When Krishna did the disappearing act

CHENNAI: For a play that was titled Krishna – The Soul Seeker, the audience got to witness very little of Krishna on stage. Chettinad Players, the theatre group from Chettinad Vidyashram schoo

Published: 29th November 2011 11:43 PM  |   Last Updated: 16th May 2012 04:01 PM   |  A+A-


CHENNAI: For a play that was titled Krishna – The Soul Seeker, the audience got to witness very little of Krishna on stage. Chettinad Players, the theatre group from Chettinad Vidyashram school, staged the play at their school auditorium from Thursday till Sunday. Opening with three love-sick princes, who are constantly looking out for swayamwaras to find themselves brides, the two-hour-play traces the life of Krishna, his trysts with Rukmini, contradictions with King Jarasandha, who is out to get him for killing his son-in-law, and his trepidations at Mathura.  

The three whimsical princes, despite the fact that their acting and humour sense were good, were seen on stage more than one would have liked to. Their cute antics were tolerable for the first hour, but after reaching saturation point, one wished that the handsome Krishna was back on stage and the story moved forward.  

Analogous narratives did carry the story forward, but there could have been more detailing. Mere words weren’t enough to get the complete picture of Draupadi’s marriage to the Pandavas, however strong and effective Kumaravel and Deepika Kumaravel’s writing was.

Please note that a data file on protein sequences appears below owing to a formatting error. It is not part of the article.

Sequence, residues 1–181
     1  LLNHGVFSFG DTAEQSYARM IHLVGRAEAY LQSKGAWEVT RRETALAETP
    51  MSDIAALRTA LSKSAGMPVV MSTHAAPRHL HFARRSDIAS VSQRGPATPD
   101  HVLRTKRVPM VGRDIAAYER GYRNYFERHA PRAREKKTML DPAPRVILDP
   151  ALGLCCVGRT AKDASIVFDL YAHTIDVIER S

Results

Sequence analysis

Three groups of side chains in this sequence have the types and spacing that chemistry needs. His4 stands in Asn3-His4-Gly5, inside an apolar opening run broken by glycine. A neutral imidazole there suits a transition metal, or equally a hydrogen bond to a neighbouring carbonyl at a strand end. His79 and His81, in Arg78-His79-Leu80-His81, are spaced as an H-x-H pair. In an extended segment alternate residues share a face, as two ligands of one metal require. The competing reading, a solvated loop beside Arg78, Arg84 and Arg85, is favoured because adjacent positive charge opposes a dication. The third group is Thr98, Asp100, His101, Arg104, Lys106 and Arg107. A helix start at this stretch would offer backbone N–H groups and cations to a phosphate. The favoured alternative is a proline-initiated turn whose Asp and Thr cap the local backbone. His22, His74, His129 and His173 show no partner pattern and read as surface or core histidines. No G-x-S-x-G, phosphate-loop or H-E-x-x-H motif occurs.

The fights between the strong Jarasandha and Krishna were highly gripping. Even better were the ones between Krishna and Duryodhana, all of them choreographed by Asif.

The pleasing costumes by Principal of the school Amudha Lakshmi synched in harmony with the effective sets from Thotta Tharrani. The rich grandeur of the black setting with the specks of red and yellow took one way back at times. Paul Jacob’s sounds and lighting from Lawrence added much depth to numerous scenes.  

The final few scenes in which Gandhari discovers that all of her sons are killed in the Kurukshetra war stood out, with brilliant performances from both Krishna and the blindfolded queen. Shabeer Kallarakal as Krishna, fit the bill perfectly and did complete justice to his role with ample maturity as an actor. Raghav Siva as Duryodhana stole the limelight in his scenes. Sabarivas as the mighty Jarasandha delivered the message with his powerful eyes and forceful gestures. Akshay as Bheeshma, Santhosh as Drona, Aditya as Arjuna, Uchit, Pragyan and Sidharth as the three princes all came up with noteworthy performances and added value to their characters. With their previous productions, Vaali Vadham, Raavana and Raghuvamsam to name a few, the Chettinad Players had  set a remarkable standard for themselves. With Krishna too came many expectations, which they failed to meet at a certain level. But the way the director ended the play, leaving the audience guessing the many open-ended questions was a good move.


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